CONCORD -- The committee pushing to convert Clayton Valley High to a charter school does not want to take no for an answer.
After the Mt. Diablo school board unanimously agreed Tuesday to approve the charter only if numerous conditions are met by February, committee members said Wednesday they want the district to reconsider.
"We were extremely disappointed in a meeting that appeared to have a preordained outcome from the outset," the committee said in a written statement. "Despite overwhelming community, teacher and staff support -- as well as a charter petition that is based on tried, tested and true successful charter high schools in the state -- the school board effectively denied the petition by stating it was approving with conditions."
The committee called the conditions "subjective, unrealistic, and in some places illegal." Based on this interpretation, the group says trustees' decision is a de facto denial of the petition.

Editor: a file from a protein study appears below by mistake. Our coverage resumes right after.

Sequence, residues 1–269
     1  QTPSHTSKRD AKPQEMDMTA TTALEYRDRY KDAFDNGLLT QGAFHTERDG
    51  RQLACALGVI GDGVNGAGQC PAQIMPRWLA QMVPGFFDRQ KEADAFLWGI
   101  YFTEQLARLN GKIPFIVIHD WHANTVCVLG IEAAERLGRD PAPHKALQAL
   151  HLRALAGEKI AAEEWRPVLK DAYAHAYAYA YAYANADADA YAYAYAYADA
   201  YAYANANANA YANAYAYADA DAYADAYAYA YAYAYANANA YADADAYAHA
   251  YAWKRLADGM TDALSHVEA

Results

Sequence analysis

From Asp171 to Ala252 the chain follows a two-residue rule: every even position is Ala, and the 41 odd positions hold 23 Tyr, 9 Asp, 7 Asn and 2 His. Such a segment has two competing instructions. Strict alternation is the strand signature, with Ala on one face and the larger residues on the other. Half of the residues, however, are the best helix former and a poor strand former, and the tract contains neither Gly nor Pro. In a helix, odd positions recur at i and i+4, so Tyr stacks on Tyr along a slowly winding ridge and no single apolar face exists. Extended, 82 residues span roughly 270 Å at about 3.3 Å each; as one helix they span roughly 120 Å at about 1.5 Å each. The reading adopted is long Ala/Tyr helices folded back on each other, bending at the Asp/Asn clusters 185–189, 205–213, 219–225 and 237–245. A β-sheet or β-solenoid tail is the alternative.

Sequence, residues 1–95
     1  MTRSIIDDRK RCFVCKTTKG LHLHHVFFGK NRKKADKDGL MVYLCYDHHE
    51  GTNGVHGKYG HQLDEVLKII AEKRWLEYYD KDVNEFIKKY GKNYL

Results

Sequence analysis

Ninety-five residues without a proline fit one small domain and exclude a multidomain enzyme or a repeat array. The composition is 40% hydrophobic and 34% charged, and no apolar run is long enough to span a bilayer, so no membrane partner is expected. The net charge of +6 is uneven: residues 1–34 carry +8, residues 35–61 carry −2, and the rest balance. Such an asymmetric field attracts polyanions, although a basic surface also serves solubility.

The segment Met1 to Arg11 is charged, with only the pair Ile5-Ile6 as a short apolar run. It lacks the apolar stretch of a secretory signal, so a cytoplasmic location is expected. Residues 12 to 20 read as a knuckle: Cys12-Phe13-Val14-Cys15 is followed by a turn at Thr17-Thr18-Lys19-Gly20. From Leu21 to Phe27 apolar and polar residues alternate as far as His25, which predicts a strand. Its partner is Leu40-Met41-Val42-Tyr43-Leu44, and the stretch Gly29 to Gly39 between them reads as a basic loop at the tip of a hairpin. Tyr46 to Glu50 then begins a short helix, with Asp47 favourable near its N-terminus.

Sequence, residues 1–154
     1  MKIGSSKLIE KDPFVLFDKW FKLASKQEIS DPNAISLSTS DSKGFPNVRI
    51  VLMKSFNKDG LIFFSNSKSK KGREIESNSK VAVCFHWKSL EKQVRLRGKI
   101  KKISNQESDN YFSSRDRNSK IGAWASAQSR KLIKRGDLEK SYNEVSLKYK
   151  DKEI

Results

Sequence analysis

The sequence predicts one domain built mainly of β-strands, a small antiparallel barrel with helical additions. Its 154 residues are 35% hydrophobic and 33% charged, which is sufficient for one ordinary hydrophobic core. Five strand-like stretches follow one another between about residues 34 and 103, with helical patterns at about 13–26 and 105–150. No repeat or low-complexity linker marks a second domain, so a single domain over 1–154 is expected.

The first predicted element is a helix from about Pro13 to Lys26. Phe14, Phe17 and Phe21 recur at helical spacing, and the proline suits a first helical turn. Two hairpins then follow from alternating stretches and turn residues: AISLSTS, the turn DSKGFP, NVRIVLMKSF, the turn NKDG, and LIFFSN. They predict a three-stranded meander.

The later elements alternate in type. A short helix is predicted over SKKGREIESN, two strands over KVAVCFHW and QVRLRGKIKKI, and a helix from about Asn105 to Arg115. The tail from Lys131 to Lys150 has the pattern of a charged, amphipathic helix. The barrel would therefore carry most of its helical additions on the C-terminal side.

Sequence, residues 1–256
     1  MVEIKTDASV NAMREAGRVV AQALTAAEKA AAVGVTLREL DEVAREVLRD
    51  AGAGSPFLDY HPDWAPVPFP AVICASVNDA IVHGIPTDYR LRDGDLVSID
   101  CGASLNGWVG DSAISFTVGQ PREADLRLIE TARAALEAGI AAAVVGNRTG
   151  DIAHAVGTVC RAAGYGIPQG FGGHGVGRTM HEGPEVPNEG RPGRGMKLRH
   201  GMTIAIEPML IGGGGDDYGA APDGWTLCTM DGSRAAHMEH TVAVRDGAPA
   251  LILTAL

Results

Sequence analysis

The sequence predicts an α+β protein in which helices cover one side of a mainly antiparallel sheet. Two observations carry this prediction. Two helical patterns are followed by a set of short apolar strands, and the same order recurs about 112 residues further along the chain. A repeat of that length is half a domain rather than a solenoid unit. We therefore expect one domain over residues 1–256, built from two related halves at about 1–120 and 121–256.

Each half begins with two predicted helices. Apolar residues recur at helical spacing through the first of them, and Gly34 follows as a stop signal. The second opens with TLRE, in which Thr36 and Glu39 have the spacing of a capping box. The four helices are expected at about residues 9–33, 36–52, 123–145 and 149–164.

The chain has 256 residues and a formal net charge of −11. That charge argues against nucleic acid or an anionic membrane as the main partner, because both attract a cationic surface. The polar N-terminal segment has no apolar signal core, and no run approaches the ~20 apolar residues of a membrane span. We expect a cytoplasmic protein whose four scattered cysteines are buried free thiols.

"They cannot legally impose the conditions they did without the charter's approval, which was not given," the committee said. "The charter is working on a more comprehensive and detailed response to the board's denial of the petition and will provide this to the district and public in the interests of full disclosure. In short, we will urge the district board to support a more succinct list of objective conditions upon which the charter school and the district can agree."
Although trustees said they understood the community's desire to improve the school, they expressed concerns about a lack of specific information regarding the planned curriculum, financial plan and other details. Trustee Cheryl Hansen said she would like to discuss the conditions more in a follow-up meeting, but the rest of the board did not agree.
The charter committee's attorney asked the board Tuesday to discuss the conditions further, saying some of them exceeded what the law requires.
"Right now," said trustee Linda Mayo, "it seems like we have a disagreement among the attorneys in the room."
Board President Gary Eberhart praised the energy of the charter supporters, saying it was enlightening to trustees.
"That kind of energy is what we want to see," he said, "because it's that kind of energy that can really make the difference between success and failure of a school."
If the district does not agree to discuss modifying the conditions, the charter committee has vowed to appeal to the county Board of Education and to the state board, if necessary.